Grigore Antipa National Museum of Natural History

Bucharest, Romania

Grigore Antipa National Museum of Natural History

Bucharest, Romania

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Petrescu I.,Grigore Antipa National Museum of Natural History | Schizas N.V.,University of Puerto Rico at Mayaguez
Cahiers de Biologie Marine | Year: 2013

Two new species of genus Cumella G. O. Sars: Cumella solomoni and C. manolelii are described from mesophotic substrata of Puerto Rico and St. Croix (U.S. Virgin Islands), respectively. Similarities and dissimilarities with related species are discussed.


Petrescu I.,Grigore Antipa National Museum of Natural History | Schizas N.V.,University of Puerto Rico at San Juan
Cahiers de Biologie Marine | Year: 2014

Two new species of the genus Cumella G.O. Sars, C. gurui and C. pagani are described from the mesophotic coral ecosystem of Mona island, Puerto Rico, Caribbean. Similarities and dissimilarities with related species are discussed.


Petrescu I.,Grigore Antipa National Museum of Natural History | Schizas N.V.,University of Puerto Rico at Mayaguez
Zootaxa | Year: 2012

Recent collections of the benthic macro- and meiofauna associated with the mesophotic coral ecosystems of Puerto Rico have revealed two new Cumacea from the family Nannastacidae. A new genus Cumellana and two new species, Cumellana caribbica and Cumella alexandrinae are described herein. The new genus Cumellana can be distinguished from the other genera of the family Nannastacidae by having a long antennule and pereopod 2 with short terminal setae, equal in length. Copyright © 2012 - Magnolia Press.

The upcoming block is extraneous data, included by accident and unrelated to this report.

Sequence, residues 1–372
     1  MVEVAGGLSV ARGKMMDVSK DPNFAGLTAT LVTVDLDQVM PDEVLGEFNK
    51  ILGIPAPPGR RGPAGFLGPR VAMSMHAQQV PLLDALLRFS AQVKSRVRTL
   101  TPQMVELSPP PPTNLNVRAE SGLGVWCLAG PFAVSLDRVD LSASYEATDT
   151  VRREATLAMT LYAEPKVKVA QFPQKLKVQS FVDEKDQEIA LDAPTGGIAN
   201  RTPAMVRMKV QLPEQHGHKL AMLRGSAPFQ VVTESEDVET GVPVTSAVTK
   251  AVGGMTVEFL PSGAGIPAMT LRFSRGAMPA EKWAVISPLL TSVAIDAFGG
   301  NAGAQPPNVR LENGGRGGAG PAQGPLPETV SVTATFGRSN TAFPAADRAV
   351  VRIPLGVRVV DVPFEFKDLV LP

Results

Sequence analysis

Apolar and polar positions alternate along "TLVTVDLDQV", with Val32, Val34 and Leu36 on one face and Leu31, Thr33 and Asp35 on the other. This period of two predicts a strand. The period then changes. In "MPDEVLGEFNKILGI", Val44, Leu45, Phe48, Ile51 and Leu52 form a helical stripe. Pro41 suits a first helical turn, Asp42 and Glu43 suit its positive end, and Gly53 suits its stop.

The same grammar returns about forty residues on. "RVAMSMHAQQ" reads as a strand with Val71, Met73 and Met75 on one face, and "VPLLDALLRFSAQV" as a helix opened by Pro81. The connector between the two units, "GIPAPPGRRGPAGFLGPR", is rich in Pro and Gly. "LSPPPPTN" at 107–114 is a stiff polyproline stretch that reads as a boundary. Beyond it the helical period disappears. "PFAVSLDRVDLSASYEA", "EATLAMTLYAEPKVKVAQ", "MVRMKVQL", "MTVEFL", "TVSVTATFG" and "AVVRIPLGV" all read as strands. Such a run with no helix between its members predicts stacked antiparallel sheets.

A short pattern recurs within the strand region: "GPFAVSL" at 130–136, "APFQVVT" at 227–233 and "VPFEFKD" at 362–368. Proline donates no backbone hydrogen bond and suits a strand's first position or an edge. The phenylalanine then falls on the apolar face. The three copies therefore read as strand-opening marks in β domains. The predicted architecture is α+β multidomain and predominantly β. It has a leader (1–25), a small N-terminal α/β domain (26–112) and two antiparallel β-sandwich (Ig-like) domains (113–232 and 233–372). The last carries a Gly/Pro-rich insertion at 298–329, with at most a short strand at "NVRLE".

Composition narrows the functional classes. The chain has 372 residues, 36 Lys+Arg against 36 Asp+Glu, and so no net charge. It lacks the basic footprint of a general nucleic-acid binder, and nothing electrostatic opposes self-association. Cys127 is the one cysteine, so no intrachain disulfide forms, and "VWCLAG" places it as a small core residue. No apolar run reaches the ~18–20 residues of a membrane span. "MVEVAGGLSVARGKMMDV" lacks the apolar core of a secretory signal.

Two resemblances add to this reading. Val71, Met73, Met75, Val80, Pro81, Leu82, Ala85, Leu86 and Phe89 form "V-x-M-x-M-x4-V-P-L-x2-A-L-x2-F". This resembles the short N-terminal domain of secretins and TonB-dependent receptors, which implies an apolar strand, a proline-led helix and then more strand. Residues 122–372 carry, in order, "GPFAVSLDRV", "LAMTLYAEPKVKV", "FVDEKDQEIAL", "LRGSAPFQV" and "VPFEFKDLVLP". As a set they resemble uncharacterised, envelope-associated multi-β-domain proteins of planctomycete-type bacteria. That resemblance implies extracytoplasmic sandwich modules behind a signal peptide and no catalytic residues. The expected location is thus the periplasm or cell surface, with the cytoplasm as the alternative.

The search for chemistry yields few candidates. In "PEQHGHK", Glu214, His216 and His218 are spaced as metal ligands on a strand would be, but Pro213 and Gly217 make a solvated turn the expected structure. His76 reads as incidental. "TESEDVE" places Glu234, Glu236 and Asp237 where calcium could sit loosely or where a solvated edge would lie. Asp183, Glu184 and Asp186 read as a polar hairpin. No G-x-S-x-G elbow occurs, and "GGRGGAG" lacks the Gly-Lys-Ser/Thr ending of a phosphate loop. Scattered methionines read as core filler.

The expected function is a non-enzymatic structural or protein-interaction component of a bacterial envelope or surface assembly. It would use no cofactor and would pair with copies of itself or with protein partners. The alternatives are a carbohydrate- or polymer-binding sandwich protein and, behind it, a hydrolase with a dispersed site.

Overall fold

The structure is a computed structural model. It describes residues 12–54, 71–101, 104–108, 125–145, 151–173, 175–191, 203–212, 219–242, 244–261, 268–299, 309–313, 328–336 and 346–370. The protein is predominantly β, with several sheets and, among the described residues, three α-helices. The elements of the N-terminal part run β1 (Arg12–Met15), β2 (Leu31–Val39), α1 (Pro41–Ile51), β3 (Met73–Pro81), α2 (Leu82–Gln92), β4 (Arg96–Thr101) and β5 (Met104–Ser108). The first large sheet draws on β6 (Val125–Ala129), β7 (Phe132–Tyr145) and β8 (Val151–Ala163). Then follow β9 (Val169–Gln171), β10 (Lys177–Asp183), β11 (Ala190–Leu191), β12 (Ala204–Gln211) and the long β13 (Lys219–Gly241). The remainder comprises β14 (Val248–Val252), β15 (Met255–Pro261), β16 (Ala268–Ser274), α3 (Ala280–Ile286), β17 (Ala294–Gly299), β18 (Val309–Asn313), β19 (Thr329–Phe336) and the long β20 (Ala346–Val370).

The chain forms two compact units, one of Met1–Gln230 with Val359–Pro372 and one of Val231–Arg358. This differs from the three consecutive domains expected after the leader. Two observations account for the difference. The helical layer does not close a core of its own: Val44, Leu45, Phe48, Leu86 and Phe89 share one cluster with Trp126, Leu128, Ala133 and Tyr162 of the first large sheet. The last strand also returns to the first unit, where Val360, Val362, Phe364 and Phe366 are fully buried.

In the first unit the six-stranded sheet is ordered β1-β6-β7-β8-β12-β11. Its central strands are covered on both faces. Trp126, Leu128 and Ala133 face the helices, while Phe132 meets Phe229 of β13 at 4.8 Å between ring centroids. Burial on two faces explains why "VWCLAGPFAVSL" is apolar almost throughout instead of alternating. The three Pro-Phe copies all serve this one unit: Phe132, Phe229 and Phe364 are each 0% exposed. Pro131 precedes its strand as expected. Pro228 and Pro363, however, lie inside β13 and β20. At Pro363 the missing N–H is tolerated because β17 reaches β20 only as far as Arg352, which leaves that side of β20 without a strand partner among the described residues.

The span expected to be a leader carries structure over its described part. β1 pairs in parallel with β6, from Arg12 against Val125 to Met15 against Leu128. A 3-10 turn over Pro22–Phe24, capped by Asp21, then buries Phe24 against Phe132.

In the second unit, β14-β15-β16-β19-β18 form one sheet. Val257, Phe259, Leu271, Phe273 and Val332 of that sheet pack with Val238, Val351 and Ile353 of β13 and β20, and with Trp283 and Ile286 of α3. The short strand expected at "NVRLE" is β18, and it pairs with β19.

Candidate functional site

Rozylowicz L.,University of Bucharest | Popescu V.D.,University of Bucharest | Popescu V.D.,University of Maine, United States | Patroescu M.,University of Bucharest | Chisamera G.,Grigore Antipa National Museum of Natural History
Biodiversity and Conservation | Year: 2011

Conservation shortcuts such as umbrella species have been long used for regional protection of species whose distributions are poorly known. Although the European large carnivores-brown bear, gray wolf, and Eurasian lynx-might seem to be robust candidates as umbrella species, their actual effectiveness has been challenged. We used 10-km resolution distribution maps of mammals (n = 10) and birds (n = 55) of European conservation concern in the Romanian Carpathians, and a temporal sequence of land cover maps (1990, 2000, and 2006) to examine: (1) the spatial overlap in distribution between large carnivores and bird and mammal species of conservation concern, (2) changes in forest cover for the Romanian Carpathians during the post-communist period in relation to the distribution of species, and (3) priority conservation areas using carnivores as umbrella species. Approximately 55% of the bird and 80% of mammals species included in this study would potentially benefit from using large carnivores as conservation surrogates. The changes in forest cover during 1990-2006 were concentrated in the Eastern Carpathians, where up to 45% of the forest per mapping unit was clearcut during the study period. Implicitly, the areas of occupancy of the background species were most disturbed by clearcutting in the Eastern Carpathians. We propose that the large carnivores could act temporary as umbrella species in areas that are still relatively undisturbed, such as Southern and Southwestern Carpathians. This alternative conservation strategy will allow time for (1) the new established protected areas to start efficiently and (2) the forestry practices to switch from mostly uncontrolled clearcutting, lacking landscape scale management to ecologically-based practices. © 2010 Springer Science+Business Media B.V.


Arnold J.,University of Natural Resources and Life Sciences, Vienna | Humer A.,University of Natural Resources and Life Sciences, Vienna | Heltai M.,Szent Istvan University | Murariu D.,Grigore Antipa National Museum of Natural History | And 2 more authors.
Mammal Review | Year: 2012